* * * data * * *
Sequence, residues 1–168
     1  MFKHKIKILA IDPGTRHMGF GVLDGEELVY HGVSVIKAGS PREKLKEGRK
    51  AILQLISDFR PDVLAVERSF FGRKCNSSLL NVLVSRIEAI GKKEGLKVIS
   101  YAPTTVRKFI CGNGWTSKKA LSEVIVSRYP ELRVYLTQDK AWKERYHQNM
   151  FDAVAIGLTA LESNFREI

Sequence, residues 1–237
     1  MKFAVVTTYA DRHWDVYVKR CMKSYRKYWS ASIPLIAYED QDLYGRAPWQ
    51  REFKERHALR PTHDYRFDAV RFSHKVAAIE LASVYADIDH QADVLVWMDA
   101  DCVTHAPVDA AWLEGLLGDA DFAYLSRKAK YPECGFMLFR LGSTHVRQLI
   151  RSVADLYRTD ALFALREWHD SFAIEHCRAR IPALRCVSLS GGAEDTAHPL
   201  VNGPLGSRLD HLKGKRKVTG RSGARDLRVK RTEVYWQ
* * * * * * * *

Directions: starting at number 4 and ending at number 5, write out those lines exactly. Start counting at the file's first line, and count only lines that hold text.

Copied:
   101  YAPTTVRKFI CGNGWTSKKA LSEVIVSRYP ELRVYLTQDK AWKERYHQNM
   151  FDAVAIGLTA LESNFREI